With vacuously dark halls, ominously clothed figures, haunting chants, and a rich history mired with controversy, the church provides arguably one of the best settings for horror.
Religious horror films have flourished within the industry for years with movies such as The Exorcist becoming wildly popular among cinematic fanatics. While popular, the genre of religious horror can be controversial in nature as these films inherently dive into a topic which has deep-rooted connections in many aspects of culture and society. But every so often, a movie comes along that transcends societal restrictions and appeals to even the most religious of horror lovers.
Michael Chaves’ The Nun II, a sequel to The Nun which was released in 2018, is the ninth installment within the Conjuring Universe franchise. The sequel confronts the fears of many children who grew up in a church setting. Filled with images of dark cupboards below churches and locked chapels with disturbing iconography prominent on the stained glass windows, The Nun II forces its audience to confront its childhood fears.
Following the events of the first movie, a demon named Valak continues to wreak havoc on members of the Catholic Church, punishing servants of God. The demon manifests itself in the face of a pale-skinned nun with chilling bright green eyes and a long black habit that allows the nightmarish figure to glide across the screen effortlessly. The movie takes place in various locations throughout Europe, opening in France with a young altar boy named Jacques who is the first victim of the horrific entity which plagues the characters of the film. The main plot of the story, however, follows a nun named Sister Irene, who nearly died fighting off Valak in the first film.
Believing the demon had been sent back to hell, Sister Irene lived peacefully in a cloistered convent until she unwillingly got pulled back into the realm of demon hunting. A string of suicides in churches trailing across Europe led the Vatican to believe that a demonic presence was sweeping the continent and aiding religious figures in committing a cardinal sin. Sister Irene reluctantly accepts her call to face the demon and put an end to the evil force ravaging churches and convents across Europe.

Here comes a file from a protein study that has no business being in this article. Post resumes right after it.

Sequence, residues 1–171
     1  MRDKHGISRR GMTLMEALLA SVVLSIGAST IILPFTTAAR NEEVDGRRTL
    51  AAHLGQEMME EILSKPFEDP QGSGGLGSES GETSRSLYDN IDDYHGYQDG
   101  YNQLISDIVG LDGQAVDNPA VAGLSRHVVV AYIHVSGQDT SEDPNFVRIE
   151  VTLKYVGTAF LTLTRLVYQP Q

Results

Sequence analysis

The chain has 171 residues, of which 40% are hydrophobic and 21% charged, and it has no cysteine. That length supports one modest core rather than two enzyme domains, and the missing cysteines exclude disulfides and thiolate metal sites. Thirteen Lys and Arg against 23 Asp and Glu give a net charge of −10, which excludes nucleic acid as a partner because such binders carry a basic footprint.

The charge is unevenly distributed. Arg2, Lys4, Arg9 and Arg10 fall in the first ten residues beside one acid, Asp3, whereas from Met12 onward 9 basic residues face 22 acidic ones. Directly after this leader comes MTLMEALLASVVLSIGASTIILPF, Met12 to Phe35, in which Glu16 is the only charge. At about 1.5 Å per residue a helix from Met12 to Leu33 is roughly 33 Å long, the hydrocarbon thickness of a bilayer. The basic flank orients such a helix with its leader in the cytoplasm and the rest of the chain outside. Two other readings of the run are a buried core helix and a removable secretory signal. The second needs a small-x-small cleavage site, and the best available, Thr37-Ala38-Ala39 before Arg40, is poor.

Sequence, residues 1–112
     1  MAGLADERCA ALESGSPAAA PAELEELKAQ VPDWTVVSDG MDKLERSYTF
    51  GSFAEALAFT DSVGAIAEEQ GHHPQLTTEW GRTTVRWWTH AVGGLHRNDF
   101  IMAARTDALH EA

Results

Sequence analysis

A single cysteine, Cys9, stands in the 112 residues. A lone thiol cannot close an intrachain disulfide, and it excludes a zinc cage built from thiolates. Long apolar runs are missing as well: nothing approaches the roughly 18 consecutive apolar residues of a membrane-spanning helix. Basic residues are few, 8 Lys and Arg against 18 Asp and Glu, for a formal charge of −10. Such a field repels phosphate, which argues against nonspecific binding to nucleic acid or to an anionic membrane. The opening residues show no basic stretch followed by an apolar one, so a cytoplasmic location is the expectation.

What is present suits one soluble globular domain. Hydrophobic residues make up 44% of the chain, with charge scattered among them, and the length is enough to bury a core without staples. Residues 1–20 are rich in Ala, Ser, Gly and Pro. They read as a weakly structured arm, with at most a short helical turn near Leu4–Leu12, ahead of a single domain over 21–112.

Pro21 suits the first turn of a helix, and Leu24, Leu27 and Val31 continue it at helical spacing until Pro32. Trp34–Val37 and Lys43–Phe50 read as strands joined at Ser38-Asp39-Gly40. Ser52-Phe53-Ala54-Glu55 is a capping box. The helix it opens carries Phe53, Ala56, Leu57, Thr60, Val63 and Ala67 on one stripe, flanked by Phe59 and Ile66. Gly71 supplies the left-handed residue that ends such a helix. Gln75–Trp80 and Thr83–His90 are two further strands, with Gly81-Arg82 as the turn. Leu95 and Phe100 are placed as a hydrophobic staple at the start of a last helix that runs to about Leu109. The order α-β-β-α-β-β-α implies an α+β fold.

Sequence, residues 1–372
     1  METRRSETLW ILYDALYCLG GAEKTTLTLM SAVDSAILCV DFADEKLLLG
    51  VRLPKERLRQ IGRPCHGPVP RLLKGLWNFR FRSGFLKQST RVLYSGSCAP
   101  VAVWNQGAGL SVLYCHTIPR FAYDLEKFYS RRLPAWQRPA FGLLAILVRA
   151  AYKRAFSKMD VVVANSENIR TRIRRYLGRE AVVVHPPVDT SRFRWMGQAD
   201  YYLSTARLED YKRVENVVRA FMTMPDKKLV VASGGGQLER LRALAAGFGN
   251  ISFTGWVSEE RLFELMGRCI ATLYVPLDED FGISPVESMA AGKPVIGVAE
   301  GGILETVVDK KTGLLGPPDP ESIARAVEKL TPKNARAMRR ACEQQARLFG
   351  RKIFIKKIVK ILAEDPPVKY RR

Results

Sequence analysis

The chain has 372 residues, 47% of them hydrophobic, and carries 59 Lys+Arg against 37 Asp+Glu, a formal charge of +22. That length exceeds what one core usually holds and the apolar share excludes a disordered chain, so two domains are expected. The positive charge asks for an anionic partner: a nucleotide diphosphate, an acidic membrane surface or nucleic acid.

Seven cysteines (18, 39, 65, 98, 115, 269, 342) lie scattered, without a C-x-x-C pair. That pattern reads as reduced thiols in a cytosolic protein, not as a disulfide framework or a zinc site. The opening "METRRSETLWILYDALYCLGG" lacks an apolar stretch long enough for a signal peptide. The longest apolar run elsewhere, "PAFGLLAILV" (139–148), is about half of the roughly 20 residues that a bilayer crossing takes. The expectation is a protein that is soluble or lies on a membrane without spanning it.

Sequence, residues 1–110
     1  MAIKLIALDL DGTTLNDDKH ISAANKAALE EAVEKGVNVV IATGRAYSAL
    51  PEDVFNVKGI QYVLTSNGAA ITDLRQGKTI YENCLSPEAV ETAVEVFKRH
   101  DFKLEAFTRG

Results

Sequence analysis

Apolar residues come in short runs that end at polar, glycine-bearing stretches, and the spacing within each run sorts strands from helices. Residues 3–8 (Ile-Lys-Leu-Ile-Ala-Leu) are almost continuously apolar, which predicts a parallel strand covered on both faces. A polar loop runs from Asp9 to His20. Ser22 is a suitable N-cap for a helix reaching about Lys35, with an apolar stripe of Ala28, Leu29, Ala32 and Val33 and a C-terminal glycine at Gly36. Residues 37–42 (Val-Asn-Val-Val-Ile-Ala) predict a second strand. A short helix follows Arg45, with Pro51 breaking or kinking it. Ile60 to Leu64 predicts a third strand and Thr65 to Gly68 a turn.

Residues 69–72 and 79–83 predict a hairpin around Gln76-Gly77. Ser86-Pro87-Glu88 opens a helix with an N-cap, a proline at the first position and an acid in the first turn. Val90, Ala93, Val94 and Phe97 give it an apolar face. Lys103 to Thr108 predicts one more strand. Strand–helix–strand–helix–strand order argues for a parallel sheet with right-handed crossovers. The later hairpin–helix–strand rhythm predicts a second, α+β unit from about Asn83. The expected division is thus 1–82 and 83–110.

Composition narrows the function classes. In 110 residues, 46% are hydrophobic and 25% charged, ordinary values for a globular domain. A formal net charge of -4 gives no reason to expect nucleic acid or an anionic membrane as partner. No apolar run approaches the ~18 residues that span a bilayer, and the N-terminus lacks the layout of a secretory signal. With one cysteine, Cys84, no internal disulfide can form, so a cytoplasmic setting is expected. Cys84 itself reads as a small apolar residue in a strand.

The set design for the film engrosses viewers in a terrifying religious world, making places of worship akin to that of nightmares. From start to finish the various dark and brooding settings set the tone for this movie, fully immersing the viewer in the realm of terror the characters find themselves in.
The tense interactions between characters keep the viewer captivated in between the suspenseful moments of terror. Two plot lines emerge throughout the course of the movie, and they both leave the viewer guessing how these separate plots would converge up until the climax of the film.
Chaves masterfully ties things together in an extremely satisfying way. The plot avoids leaving viewers with questions, as many horror films do. Taissa Farmiga as Sister Irene and Katelyn Rose Downey as Sophie deliver some of the best performances within the Conjuring Universe.
When it comes to the actual horror aspect of the film—the spike of cortisol horror fanatics love—The Nun II rises above the competition. Some of the scares and moments of suspense in The Nun II are wrought with so much intensity and undisrupted pressure that even viewers who do not fall easily to simple jump scares or loud noises and screams will be on the edge of their seat.
The Nun II is on par with that of The Conjuring I and II and, by the looks of it, future installations within this feverishly horrific franchise will continue to bring the fright factor for years to come.